On the orders of state regulators, PG&E on Thursday will begin digging up an abandoned section of pipe that was originally part of the doomed gas line that blew up last year in San Bruno.
The stretch of pipe, laid in 1948 in the neighborhood later ravaged by the Sept. 9, 2010, explosion, has sat inactive in the ground since the mid-1950s, when the line was relocated, according to Pacific Gas & Electric.
As the California Public Utilities Commission investigates the blast that killed eight people and leveled much of a neighborhood, officials with the agency have told PG&E to unearth the decommissioned pipe.
The quality of the pipe and particularly its welds have come under intense scrutiny since it was revealed the section of line that blew up had shoddy welds. Federal investigators have said the pipe tore open along one of its welded seams.
The stretch of line will be turned over to commission investigators, PG&E spokeswoman Brittany Chord said Wednesday night.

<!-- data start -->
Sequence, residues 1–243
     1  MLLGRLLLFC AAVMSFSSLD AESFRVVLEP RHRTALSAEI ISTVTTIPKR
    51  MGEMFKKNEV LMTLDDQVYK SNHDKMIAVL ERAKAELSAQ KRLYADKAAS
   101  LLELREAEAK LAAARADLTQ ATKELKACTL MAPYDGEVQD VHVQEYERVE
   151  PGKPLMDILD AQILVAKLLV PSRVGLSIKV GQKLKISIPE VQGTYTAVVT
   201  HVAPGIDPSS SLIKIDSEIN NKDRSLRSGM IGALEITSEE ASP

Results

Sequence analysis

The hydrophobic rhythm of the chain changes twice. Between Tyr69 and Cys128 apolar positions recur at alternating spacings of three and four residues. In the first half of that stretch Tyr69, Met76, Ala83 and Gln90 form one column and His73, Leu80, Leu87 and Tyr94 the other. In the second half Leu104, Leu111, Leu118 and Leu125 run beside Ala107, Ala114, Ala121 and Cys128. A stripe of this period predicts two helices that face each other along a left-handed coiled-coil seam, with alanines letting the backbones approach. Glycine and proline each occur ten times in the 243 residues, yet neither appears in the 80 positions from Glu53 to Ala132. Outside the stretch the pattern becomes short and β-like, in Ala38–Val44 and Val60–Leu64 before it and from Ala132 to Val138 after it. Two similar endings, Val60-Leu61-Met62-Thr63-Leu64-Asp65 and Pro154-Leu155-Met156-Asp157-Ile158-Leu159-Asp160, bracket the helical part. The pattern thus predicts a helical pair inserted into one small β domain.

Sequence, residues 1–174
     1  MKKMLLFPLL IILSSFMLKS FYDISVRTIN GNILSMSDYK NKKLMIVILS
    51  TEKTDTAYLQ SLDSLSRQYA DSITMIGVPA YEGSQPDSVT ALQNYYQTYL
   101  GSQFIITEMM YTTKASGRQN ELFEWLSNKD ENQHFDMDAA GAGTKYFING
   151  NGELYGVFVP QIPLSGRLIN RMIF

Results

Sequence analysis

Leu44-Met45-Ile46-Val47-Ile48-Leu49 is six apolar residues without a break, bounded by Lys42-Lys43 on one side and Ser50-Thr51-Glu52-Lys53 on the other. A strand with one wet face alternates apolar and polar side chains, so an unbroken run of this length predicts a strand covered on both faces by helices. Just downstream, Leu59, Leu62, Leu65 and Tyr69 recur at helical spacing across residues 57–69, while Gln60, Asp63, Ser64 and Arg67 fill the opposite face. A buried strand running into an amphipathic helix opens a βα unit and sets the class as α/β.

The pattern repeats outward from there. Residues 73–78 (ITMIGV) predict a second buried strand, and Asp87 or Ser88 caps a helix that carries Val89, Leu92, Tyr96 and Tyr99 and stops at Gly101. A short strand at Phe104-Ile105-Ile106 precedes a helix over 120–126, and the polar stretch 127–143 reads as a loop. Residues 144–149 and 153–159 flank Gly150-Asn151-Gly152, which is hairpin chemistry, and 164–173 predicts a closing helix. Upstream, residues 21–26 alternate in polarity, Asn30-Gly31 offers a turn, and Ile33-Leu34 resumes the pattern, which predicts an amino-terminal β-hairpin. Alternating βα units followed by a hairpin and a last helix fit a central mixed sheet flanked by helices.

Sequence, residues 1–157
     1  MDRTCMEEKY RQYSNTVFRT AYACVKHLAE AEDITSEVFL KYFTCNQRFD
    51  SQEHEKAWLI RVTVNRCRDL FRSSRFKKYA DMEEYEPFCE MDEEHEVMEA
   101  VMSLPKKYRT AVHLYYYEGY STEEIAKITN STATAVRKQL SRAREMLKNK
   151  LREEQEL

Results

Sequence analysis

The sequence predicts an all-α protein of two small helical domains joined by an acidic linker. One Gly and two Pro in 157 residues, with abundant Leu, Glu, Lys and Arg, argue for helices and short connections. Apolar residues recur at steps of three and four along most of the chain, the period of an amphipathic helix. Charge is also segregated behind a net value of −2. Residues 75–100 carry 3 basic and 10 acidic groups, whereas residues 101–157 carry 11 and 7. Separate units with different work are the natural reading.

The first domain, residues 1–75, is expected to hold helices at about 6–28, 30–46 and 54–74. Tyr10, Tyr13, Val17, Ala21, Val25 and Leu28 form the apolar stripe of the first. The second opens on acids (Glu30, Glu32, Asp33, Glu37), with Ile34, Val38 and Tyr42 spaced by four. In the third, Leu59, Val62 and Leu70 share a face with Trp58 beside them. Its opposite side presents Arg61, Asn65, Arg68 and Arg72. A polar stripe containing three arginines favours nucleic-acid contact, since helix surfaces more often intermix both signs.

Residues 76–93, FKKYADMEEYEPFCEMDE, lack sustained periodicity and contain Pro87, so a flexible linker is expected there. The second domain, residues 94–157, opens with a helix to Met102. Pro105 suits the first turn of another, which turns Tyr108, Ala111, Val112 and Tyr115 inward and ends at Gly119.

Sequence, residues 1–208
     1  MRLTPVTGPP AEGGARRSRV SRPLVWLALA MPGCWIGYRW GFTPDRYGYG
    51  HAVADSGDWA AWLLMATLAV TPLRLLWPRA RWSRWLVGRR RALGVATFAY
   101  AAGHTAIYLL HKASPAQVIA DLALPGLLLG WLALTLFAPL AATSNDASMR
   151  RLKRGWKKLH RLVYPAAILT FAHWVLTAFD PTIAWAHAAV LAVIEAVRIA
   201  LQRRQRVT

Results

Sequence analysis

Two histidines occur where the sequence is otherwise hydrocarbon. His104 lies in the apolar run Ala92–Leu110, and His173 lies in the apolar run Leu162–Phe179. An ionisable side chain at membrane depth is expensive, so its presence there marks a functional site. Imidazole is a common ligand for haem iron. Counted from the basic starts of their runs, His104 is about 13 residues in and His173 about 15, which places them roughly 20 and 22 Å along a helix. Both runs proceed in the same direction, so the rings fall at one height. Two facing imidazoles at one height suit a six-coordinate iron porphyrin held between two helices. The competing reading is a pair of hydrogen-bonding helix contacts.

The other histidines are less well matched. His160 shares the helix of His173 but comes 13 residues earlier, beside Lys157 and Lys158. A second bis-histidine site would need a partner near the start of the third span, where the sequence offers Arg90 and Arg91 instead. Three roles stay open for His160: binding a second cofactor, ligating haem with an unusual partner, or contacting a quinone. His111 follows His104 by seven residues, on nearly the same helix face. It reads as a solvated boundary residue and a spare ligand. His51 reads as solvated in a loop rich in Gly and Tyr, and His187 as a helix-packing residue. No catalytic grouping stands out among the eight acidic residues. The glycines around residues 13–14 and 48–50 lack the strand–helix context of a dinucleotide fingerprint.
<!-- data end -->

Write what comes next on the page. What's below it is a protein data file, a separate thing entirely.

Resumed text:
She said she wasn't sure why they want it.
Commission officials were unavailable for comment late Wednesday.
San Bruno City Manager Connie Jackson told fire survivors assembled for a meeting Wednesday night that the excavation of the pipe is part of the commission's probe of the blast.
The primary investigation of the disaster is headed by the National Transportation Safety Board, which is expected to issue its findings before the one-year anniversary of the explosion.
The work to dig up the line is slated to start at 8 a.m. and last two days, Chord said. Crews know where the pipe is buried and will work at two spots just to the north of the blast crater.
The digging will be done in the roadway.
Jackson also announced Wednesday that the hole left by the explosion will be filled in by early August.
The city has left the 72-foot-long, 26-foot-wide crater open for investigators who had requested access to it.
Contact Joshua Melvin at 650-348-4335.